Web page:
From some recent jesush comments, recast as an instant message so I don’t look like a complete Luddite when talking yang about social networking:
using_the_whole_fist_doc: facebook and myspace and all of those social networking sites that require me to be a member to see anything are horseshit.
al_abut: as for the closed garden debate, I’m on the fence. there’s a lot of shit that people don’t feel like airing out in public so the semi-private nature of it is actually a draw for many people, not a deterrent. i don’t give a rat’s ass but a lot of people i do give a rat’s ass about do care, so that’s my prostitute’s rationale.
Here’s the longer-form critique I have of Myspace and Facebook.
- They’re designed to pump up membership and page views, first and foremost. Al mentions the semi-privacy angle above, and that’s fine–it’d certainly be possible to build in privacy (make a blog post visible to only people who are logged in, or even restricted to friends and family accounts) and make the default condition that content is viewable by everyone unless the writer explicitly configures their stuff otherwise. But that’s not the way this stuff works. If I go to someone’s Myspace page, I generally get an awful-looking mess of favorites, friends, thumbnailed photos, a flash music player playing some shitty mp3 or other, and a fraction of the user’s latest blog post. Then I have to click on something–and log in–to see anything else. Facebook is even more exclusionary–I can’t see a damn thing without giving up my username and password.
Also, once I logged in, if I wanted to read something like this blog entry in Myspace I’d have to click about twelve times to get to this point, with ads all over the place on each subsequent page. (I don’t know what stuff like this looks like in Facebook. I’ve never seen a Facebook page, though I’ve read about the framework.)
That’s really annoying, and I’ma go ahead and opt out of that whole system.
- You’re subject to the whims of the Internet. Let’s say I’m a new web user. I decide I want to start building a profile, contacts, a blog, or whatever, and so I choose the most popular of these systems and bust a move. A few years later, I’ve got my online presence just the way I want it. I’ve turned into a compelling blogger, with hundreds of posts to my name. The world is my oyster.
Only a few years ago I would have chosen to do all this stuff on Friendster, and now I’d be fucked because nobody gives a shit about Friendster anymore.
- You’re handing the keys to the bus to someone you don’t know and can’t trust. The people running Myspace and Facebook might seem like great guys. Maybe they are great guys–and yes, I know Tom Anderson is your special Myspace friend, that’s very nice. But Tom Anderson sold out. Here’s how tomorrow’s meeting might go:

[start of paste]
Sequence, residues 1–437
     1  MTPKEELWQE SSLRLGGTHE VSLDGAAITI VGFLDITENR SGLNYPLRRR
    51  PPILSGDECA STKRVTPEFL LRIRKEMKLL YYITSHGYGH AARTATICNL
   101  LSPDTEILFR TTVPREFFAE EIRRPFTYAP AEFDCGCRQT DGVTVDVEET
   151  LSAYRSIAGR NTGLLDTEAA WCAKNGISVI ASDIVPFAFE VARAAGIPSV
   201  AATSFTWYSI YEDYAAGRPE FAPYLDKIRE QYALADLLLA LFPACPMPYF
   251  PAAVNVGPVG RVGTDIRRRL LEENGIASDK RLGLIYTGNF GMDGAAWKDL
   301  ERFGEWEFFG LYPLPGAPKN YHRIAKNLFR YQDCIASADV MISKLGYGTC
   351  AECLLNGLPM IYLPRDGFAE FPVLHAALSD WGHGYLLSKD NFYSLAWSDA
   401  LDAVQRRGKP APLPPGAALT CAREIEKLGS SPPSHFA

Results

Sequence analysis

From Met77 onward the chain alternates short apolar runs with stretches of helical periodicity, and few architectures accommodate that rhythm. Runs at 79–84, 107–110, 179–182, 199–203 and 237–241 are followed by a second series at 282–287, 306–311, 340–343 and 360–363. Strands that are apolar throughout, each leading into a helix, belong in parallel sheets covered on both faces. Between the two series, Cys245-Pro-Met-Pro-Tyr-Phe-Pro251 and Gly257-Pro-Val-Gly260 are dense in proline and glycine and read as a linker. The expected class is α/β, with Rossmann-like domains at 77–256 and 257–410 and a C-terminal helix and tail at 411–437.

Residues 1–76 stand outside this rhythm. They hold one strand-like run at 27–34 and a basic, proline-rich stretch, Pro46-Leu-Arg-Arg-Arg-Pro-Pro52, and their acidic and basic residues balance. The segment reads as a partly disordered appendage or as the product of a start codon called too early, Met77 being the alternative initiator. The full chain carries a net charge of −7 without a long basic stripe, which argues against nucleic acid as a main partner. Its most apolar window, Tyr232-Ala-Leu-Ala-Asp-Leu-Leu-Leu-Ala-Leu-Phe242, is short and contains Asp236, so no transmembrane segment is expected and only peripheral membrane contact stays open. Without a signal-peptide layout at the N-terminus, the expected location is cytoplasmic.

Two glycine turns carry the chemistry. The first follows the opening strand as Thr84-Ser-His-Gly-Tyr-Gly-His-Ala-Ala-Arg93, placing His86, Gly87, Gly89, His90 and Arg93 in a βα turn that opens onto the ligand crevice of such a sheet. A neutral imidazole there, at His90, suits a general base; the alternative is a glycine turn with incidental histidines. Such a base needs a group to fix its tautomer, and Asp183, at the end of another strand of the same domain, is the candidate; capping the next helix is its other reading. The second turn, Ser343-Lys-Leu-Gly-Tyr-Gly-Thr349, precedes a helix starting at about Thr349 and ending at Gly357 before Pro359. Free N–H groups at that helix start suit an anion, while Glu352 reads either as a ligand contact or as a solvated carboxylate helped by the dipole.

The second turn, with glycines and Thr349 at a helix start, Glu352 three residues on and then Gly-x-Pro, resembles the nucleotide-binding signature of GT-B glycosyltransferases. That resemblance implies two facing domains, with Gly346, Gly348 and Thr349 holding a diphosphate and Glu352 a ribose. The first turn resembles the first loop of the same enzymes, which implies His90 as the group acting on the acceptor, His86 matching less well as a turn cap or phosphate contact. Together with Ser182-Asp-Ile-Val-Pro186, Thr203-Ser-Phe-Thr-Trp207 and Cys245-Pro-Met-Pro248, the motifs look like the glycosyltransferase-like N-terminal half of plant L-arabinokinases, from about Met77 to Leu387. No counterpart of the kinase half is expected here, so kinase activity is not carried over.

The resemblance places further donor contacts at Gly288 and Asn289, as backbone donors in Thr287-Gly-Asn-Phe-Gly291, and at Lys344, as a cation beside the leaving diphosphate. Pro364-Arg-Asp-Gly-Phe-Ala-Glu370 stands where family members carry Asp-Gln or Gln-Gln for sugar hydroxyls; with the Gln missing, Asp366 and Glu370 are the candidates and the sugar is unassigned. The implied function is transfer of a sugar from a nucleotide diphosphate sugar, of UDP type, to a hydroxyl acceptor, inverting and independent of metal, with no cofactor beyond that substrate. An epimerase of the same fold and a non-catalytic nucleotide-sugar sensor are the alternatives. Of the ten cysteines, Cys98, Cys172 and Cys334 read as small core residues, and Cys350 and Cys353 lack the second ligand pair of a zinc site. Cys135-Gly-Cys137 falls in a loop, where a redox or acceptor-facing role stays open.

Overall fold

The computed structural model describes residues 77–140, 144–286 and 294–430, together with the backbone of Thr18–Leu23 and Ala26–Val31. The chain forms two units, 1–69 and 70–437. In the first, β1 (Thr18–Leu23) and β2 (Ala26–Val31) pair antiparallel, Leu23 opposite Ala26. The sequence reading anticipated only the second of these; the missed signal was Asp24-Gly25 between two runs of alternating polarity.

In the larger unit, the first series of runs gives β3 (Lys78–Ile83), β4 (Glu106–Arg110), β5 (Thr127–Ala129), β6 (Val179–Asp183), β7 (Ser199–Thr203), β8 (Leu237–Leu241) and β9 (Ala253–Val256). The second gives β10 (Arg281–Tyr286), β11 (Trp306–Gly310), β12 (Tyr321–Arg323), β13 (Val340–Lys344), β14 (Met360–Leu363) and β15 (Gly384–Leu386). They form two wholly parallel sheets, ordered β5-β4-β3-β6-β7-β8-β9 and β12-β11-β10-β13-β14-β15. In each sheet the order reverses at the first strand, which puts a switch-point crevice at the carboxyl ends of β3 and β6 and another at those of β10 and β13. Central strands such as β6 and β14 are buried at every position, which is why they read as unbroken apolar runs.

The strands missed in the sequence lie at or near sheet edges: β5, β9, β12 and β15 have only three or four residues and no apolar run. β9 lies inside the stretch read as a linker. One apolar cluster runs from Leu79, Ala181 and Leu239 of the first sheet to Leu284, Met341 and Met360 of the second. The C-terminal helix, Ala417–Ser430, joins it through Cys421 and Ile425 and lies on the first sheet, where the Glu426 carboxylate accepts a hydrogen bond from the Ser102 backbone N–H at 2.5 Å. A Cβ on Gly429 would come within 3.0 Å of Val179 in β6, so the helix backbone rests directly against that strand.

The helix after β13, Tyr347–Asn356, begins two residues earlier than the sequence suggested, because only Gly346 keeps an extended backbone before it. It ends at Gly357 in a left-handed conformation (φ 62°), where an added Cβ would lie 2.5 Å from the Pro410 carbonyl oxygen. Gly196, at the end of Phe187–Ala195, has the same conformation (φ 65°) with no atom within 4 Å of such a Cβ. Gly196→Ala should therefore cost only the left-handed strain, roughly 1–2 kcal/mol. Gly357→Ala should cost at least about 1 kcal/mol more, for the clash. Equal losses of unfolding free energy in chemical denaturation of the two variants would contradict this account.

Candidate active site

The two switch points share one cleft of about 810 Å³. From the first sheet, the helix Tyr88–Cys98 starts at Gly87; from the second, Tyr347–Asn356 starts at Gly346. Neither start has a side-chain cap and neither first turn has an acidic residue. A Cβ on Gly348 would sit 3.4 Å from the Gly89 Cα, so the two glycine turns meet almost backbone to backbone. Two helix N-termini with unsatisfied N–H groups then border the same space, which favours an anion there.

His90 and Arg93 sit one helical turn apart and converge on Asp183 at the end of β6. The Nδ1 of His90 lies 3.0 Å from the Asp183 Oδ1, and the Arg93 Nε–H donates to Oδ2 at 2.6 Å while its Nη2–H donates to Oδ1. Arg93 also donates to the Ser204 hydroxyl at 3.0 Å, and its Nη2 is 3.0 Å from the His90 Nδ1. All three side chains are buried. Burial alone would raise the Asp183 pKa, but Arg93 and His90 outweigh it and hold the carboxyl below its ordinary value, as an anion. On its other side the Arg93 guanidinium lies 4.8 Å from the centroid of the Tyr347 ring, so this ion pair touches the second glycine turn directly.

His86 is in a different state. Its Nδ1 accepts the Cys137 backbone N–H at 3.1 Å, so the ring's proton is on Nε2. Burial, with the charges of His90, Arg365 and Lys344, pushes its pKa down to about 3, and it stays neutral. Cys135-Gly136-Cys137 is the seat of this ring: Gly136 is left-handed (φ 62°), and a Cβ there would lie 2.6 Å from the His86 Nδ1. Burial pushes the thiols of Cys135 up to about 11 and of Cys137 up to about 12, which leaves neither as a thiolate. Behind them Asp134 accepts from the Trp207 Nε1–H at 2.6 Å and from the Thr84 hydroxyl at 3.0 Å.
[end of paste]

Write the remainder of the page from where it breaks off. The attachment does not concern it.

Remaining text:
ii. sell our user list to anyone with two nickels to rub together.
iii. search the content of all our users for potentially embarrassing phrases. generate press releases with this content and real names for anyone who doesn’t pay a “Privacy License Fee”.
What order do we roll these out in?
Tom Anderson: uh…
Murdoch: all at once. I like the way you think.
Anderson: That’s not the vision we had for Myspace going forward, sir.
Murdoch: change of plans, bitch. Make it happen, or I’ll give Myspace to Lachlan to play with.
Now, I’m not saying that will happen. I’m saying stranger things have happened.
The value of your online presence is generally proportional to the amount of work you put into developing it. If you want to click around for hours friending people and leaving one-line 133t-speak comments, I’m sure not about to sign up with Facebook just to hang out with you and do the same thing, no matter how much I like you in real life.
On the other hand, maybe you’re fighting the good fight and putting yourself out there and being a compelling content creator… in that case, you can do yourself and the entire Internet a favor and hook up with a system that gives you as much control over your content as you can get. It’s really really affordable to get your own domain, your own web space, and your own blog installation. Then you can say what you want, link to what you want, and not worry about the system you’re using suddenly being infected with evil incarnate and screwing up all your stuff.
Unless you suddenly turn evil, in which case I guess it’s cool.